Territorial Sea 12 nautical miles (n.m.)
 
Contiguous Zone
 
12 n.m. from the edge of theterritorial sea
 
ExclusiveEconomic Zone
 
200 n.m. from the baseline[includes T.S. and C.Z.]
 
NOTE:
There can be a Continental Shelf without anEEZ, but not an EEZ without a Continental Shelf.
TERRITORIAL SEA
The belt of the sea located between the coast andinternal waters of the coastal state on the one hand,and the high seas on the other, extending up to 12nautical miles from the
low water mark.
CONTIGUOUS ZONE
Extends up to 12 nautical miles from the
territorial sea.
Although not part of the territory, the coastalState may exercise jurisdiction to preventinfringement of customs, fiscal, immigration orsanitary laws.
EXCLUSIVE ECONOMIC ZONE
Body of water extending up to 200 nautical miles,within which the state may exercise sovereign rightsto explore, exploit, conserve and manage the naturalresourcesThe state in the EEZ exercises jurisdiction withregard to:1. the establishment and use of artificial islands,installations, and structures;2. marine scientific research;3. the protection and preservation of marineenvironment;
Article II – DECLARATION OF PRINCIPLES ANDSTATE POLICIES
Selected principles 
Sec. 1.
The Philippines is a democratic andrepublican state. Sovereignty resides in the peopleand all government authority emanates from them.
Elements of a State (for municipal law purposes)
1) People – A group of persons sufficientlynumerous held together by a common bond2) Territory – A definite area over which theState exercises sovereign jurisdiction3) Sovereignty – Power of the State to regulatematters within its own territory.4) Government Institution organized and runin order to manage the affairs of the State.
Classification of governments
1)
De jure 
– Government which is placed inpower following legal / constitutionalprocesses.2)
De facto 
– a government that actuallyexercises power or control but without legaltitle.
Classification of
de facto 
governments
 
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Political Law Summer Reviewer
 
A
TENEO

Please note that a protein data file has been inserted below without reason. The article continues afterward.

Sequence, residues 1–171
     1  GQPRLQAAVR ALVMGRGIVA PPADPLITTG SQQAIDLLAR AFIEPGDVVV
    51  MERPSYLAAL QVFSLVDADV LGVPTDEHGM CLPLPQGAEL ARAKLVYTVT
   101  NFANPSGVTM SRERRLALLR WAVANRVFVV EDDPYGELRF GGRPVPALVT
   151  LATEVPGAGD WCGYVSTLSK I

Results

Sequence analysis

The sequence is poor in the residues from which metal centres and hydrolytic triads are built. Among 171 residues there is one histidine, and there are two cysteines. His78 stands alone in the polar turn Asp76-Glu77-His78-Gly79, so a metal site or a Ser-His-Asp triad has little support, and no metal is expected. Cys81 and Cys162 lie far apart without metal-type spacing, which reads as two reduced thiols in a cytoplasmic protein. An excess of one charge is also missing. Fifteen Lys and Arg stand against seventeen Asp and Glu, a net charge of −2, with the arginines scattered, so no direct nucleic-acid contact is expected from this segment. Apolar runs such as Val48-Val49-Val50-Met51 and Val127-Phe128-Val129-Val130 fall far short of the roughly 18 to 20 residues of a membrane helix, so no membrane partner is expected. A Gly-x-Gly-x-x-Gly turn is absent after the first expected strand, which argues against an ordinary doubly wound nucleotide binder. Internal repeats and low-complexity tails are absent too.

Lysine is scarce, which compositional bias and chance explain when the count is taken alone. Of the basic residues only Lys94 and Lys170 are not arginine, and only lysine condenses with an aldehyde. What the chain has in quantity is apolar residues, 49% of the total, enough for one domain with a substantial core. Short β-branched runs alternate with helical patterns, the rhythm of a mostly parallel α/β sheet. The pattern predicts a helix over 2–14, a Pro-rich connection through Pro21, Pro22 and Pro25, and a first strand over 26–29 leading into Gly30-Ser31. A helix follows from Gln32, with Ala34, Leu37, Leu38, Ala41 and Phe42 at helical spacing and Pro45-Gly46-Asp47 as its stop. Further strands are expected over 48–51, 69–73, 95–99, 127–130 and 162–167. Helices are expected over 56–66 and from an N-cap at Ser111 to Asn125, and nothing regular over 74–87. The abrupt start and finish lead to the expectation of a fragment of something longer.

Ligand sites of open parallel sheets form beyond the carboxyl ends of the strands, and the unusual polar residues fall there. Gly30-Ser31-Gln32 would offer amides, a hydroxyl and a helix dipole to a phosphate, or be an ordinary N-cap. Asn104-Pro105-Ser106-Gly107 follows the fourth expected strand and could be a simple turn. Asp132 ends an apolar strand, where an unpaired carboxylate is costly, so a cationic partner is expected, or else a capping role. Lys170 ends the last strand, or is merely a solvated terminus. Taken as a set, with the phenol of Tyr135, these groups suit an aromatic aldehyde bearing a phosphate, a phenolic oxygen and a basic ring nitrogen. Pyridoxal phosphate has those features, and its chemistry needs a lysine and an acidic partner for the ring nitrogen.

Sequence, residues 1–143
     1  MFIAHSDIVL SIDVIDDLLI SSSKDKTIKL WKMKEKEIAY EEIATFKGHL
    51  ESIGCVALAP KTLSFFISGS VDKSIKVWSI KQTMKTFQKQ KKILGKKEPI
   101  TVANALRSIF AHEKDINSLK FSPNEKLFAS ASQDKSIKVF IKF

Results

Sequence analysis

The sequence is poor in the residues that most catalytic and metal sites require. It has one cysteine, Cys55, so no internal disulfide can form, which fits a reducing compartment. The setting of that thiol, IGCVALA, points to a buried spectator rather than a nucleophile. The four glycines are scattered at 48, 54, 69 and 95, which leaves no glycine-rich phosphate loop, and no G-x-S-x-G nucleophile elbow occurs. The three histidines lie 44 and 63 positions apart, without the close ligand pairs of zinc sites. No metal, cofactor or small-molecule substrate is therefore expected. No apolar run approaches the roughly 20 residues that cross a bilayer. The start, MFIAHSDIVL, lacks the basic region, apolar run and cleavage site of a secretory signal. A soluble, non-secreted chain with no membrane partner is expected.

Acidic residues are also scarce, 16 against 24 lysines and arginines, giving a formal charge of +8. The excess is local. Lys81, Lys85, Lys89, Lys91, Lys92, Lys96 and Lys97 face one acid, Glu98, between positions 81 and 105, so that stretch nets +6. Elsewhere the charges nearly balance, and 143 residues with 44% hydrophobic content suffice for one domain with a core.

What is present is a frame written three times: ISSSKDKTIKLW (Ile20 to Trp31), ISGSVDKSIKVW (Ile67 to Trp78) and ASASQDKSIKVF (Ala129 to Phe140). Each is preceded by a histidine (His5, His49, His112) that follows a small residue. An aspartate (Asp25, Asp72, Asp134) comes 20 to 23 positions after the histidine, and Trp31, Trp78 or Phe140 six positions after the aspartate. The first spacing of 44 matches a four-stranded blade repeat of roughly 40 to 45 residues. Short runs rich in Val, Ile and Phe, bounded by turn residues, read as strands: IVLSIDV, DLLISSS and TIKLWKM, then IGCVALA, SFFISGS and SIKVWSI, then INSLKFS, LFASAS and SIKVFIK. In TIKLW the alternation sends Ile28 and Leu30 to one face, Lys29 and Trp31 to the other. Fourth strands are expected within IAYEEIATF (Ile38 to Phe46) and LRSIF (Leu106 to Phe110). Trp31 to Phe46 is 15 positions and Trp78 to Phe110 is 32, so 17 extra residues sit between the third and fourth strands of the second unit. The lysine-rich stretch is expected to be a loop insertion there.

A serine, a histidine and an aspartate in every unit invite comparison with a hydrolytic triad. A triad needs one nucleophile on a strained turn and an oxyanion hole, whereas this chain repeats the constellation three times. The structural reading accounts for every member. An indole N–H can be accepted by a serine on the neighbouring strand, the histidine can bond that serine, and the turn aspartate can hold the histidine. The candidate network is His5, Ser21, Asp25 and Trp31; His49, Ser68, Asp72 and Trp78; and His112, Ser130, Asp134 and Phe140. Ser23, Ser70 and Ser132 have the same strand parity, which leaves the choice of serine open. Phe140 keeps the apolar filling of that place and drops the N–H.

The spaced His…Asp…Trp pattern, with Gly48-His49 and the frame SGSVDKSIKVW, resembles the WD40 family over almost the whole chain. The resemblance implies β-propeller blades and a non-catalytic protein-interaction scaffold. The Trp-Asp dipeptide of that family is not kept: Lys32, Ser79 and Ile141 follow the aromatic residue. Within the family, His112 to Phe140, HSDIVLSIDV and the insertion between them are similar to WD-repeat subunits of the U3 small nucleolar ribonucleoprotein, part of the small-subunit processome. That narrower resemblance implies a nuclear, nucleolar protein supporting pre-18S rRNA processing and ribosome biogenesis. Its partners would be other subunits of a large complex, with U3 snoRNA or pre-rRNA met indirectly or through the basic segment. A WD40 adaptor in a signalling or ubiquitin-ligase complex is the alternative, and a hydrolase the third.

C
ENTRAL
B
AR
O
PERATIONS
2007
 
Page 3 of 125
1)
De facto 
propera. That government that gets possession andcontrol ofb. or usurps by force or by the voice of majorityc. the rightful legal governmentd. and maintains itself against the will of thelatter.2) Government of
paramount force 
a. That which is established and maintained bymilitary forcesb. who invade and occupy a territory of the enemyc. in the course of war.d. That established as an independent government
 
by the inhabitants of a country who rise in
insurrection 
against the parent state.
“REPUBLICAN STATE”
It is one wherein all government authority emanatesfrom the people and is exercised by representativeschosen by the people.
“DEMOCRATIC STATE”
This merely emphasizes that the Philippines hassome aspects of direct democracy such as initiativeand referendum.
Sec. 2.
The Philippines renounces war as aninstrument of national policy, adopts the generallyaccepted principles of international law as part of thelaw of the land and adheres to the policy of peace,equality, justice, freedom, cooperation, and amitywith all nations.
The Philippines renounces
AGGRESSIVE war 
as an instrument of national policy, butallows for a defensive war.
Examples of Generally Accepted Principles ofInternational Law" cited in PhilippineJurisprudence:
1) The right of an alien to be released on bail whileawaiting deportation when his failure to leave thecountry is due to the fact that no country willaccept him (
Mejoff v. Director of Prisons 
, 90 Phil.70)2) The right of a country to establish militarycommissions to try war criminals (
Kuroda v.Jalondoni,
83 Phil. 171)3) The Vienna Convention on Road Signs andSignals and Pacta Sunt Servanda (
Agustin v.Edu,
88 SCRA 195)4) Duty to protect the premises of embassies andlegations (
Reyes v. Bagatsing,
G.R. 65366)
Pimentel, Jr. v Office of the Executive Secretary 
(462 SCRA 622) (July 6, 2005)Ratio: 
1)
Signing of the Treaty shows the assent of the State to the treaty which it seeks to enter and has the corresponding duty on the State to refrain from actions which may defeat the purpose of the treaty.
2)
A State party is not bound to ratify a treaty which it signs, however it goes without saying that the refusal must be based on substantial grounds and not on superficial or whimsical reasons.
3)
The President has the discretion even after the signing of the treaty by the Philippine representative whether or not to ratify the same.
4)
It is within the authority of the President to refuse to submit a treaty to the Senate or, having secured its consent for its ratification, refuse to ratify it.
 
Southern Cross Cement Corporation v. Cement Manufacturers Association of the Philippines 
(465 SCRA 532) (August 3, 2005)Ratio: Our treaty obligations dissuade the State for now from implementing default protectionist trade measures such as tariffs, and allow the same only under specified conditions. To insulate factual determination from political pressure, and to assure that it be conducted by an entity especially qualified by reasons of its general functions to undertake such investigation, Congress deemed it necessary to delegate to the Tariff Commission the function of ascertaining whether or not those factual conditions exist to warrant the atypical imposition of safeguard measures 
Sec. 3
. Civilian authority is, at all times, supremeover the military. The Armed Forces of thePhilippines is the protector of the people and theState. Its goal is to secure the sovereignty of theState and the integrity of the national territory.
Civilian authority/Supremacy clause (1
st
 sentence)
The Constitution provides that the head of the armedforces is a civilian president and the primary purposeof AFP is to serve and protect the people.